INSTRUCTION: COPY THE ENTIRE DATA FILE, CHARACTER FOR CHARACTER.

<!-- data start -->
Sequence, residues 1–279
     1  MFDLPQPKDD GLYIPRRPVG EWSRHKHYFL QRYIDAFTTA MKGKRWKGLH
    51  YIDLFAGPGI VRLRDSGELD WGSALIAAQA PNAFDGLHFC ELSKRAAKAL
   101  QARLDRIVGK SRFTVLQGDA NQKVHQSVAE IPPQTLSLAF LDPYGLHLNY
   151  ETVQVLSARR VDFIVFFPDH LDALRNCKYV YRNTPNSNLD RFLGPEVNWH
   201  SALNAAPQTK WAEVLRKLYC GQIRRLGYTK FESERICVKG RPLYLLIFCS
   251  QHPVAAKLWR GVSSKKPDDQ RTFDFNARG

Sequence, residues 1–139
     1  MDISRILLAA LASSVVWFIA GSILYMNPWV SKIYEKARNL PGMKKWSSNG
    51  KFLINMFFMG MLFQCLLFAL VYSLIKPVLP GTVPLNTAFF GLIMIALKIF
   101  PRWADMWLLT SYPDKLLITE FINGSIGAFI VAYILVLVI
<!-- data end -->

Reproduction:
Sequence, residues 1–279
     1  MFDLPQPKDD GLYIPRRPVG EWSRHKHYFL QRYIDAFTTA MKGKRWKGLH
    51  YIDLFAGPGI VRLRDSGELD WGSALIAAQA PNAFDGLHFC ELSKRAAKAL
   101  QARLDRIVGK SRFTVLQGDA NQKVHQSVAE IPPQTLSLAF LDPYGLHLNY
   151  ETVQVLSARR VDFIVFFPDH LDALRNCKYV YRNTPNSNLD RFLGPEVNWH
   201  SALNAAPQTK WAEVLRKLYC GQIRRLGYTK FESERICVKG RPLYLLIFCS
   251  QHPVAAKLWR GVSSKKPDDQ RTFDFNARG

Sequence, residues 1–139
     1  MDISRILLAA LASSVVWFIA GSILYMNPWV SKIYEKARNL PGMKKWSSNG
    51  KFLINMFFMG MLFQCLLFAL VYSLIKPVLP GTVPLNTAFF GLIMIALKIF
   101  PRWADMWLLT SYPDKLLITE FINGSIGAFI VAYILVLVI